A national campaign to tackle retail crime across 275 shopping centres has resulted in a reach of more than 200 million customers. 

The campaign was launched in late 2023 when the Shopping Centre Council of Australia (SCCA) partnered with the Shop, Distributive and Allied Employees’ Association (SDA) and the National Retail Association (NRA) to run its ‘No One Deserve a Serve’ ads for free, nationally. It ran for 47 days from Melbourne Cup to Christmas Eve 2023 across digital advertising screens, with $6 million in commercial advertising value being provided to the SDA’s campaign by SCCA members.

According to a campaign debrief, the adverts appeared across more than 275 shopping centres in Australia, comprising more than 32,000 retailers.

The ads appeared more than 100 million times across 3,200 digital advertising screens, with more than 200 million customers viewing the six campaign messages.

A comparative analysis of security incidents in the same period in prior years is currently being undertaken to examine the success of the campaign.

The ‘No One Deserves a Serve’ campaign was aimed at ensuring retail workers are treated with respect. 

SCCA CEO Angus Nardi said the campaign rollout was a success, but added that retail crime continues to be a challenge for many retailers.

“I’m incredibly proud of our members’ $6 million investment to support the campaign, and that the ads were seen by more than 200 million customers across more than 275 shopping centres.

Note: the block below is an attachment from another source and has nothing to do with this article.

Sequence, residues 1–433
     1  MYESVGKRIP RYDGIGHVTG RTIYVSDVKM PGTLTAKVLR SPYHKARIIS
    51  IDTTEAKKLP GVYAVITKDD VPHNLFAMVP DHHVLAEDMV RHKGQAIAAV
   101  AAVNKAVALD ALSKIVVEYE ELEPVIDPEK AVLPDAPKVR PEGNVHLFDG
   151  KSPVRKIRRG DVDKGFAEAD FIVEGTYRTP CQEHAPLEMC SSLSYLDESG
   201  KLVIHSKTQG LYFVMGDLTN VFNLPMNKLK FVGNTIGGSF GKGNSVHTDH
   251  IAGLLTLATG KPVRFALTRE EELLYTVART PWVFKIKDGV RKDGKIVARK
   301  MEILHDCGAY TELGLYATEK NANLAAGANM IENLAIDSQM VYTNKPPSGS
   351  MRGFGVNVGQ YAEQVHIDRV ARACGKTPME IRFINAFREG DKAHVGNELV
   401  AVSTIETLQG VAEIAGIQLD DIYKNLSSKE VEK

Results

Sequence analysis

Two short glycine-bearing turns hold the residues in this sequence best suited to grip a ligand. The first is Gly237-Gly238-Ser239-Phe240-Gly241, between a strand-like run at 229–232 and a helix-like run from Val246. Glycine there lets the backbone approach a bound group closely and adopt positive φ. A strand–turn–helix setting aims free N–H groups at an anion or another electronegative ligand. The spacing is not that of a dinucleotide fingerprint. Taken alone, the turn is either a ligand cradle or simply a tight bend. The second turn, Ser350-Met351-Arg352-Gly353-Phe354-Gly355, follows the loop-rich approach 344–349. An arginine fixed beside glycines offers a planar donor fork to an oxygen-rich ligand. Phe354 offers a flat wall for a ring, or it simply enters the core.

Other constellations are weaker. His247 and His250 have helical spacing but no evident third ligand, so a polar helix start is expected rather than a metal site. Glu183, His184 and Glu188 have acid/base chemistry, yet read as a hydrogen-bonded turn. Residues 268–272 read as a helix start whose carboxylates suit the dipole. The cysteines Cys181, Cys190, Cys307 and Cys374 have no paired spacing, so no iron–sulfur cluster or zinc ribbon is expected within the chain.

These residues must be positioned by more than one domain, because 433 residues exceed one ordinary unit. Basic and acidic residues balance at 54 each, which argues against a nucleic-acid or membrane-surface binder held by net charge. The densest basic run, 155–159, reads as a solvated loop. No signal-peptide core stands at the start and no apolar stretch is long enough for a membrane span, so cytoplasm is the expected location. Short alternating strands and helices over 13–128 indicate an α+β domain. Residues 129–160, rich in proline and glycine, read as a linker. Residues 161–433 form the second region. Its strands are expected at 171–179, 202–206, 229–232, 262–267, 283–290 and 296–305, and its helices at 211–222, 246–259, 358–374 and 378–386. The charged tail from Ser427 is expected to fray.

“The central purpose of the campaign is retail worker safety, and I look forward to continued engagement with the SDA and NRA on this important issue.

“While most people do the right thing, unfortunately retail crime continues to be a major challenge including with reoffending, brazen theft, violence and use of weapons.

“We’ll continue to engage with Governments on this pressing public policy issue, alongside our industry’s dedicated community safety and security taskforce.”

There been various reported instances of retail crime across Australia and New Zealand, with retailers taking action to combat the issue. In one instance, department store Myer enlisted the help of police in September 2023 to combat rising levels of aggression in stores. That came as the now-outgoing CEO John King told investors last year that rates were "definitely way worse" than pre-COVID levels. 

Around the same time, a recent survey by the Australian Retail Association (ARA) across 102 retail organisations found that 91 per cent of respondents have experienced retail crime.

Retail crime appears to be far worse in Aotearoa/New Zealand, with one major retailer trialling facial recognition technology to drive down theft and abuse. 

Meanwhile, New Zealand’s coalition government has implemented Young Offender Military Acadamies to crack down on youth offenders that make up a significant chunk of retail crime cases across the country.

The latest Australian campaign by SDA, NRA and SCCA was launched in early November at Highpoint Shopping Centre (owned by The GPT Group) in Melbourne.

The SDA highlights that over 85% of retail workers have experienced abusive behaviour from customers.

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